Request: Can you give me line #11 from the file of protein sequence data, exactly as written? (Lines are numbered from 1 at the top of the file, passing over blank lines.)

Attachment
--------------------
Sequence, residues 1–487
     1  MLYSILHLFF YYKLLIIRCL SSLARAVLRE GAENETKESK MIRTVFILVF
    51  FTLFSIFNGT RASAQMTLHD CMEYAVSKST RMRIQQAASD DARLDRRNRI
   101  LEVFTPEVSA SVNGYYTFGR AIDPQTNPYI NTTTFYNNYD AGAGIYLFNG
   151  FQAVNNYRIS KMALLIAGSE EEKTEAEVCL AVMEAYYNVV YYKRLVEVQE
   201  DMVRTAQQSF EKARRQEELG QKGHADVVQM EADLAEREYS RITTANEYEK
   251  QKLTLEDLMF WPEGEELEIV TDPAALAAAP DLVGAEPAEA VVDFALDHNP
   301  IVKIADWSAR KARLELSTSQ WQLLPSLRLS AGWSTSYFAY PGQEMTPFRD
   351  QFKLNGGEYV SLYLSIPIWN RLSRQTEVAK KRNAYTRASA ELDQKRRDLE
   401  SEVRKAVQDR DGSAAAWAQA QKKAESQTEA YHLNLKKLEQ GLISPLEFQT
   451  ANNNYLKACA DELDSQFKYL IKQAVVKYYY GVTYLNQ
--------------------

   451  ANNNYLKACA DELDSQFKYL IKQAVVKYYY GVTYLNQ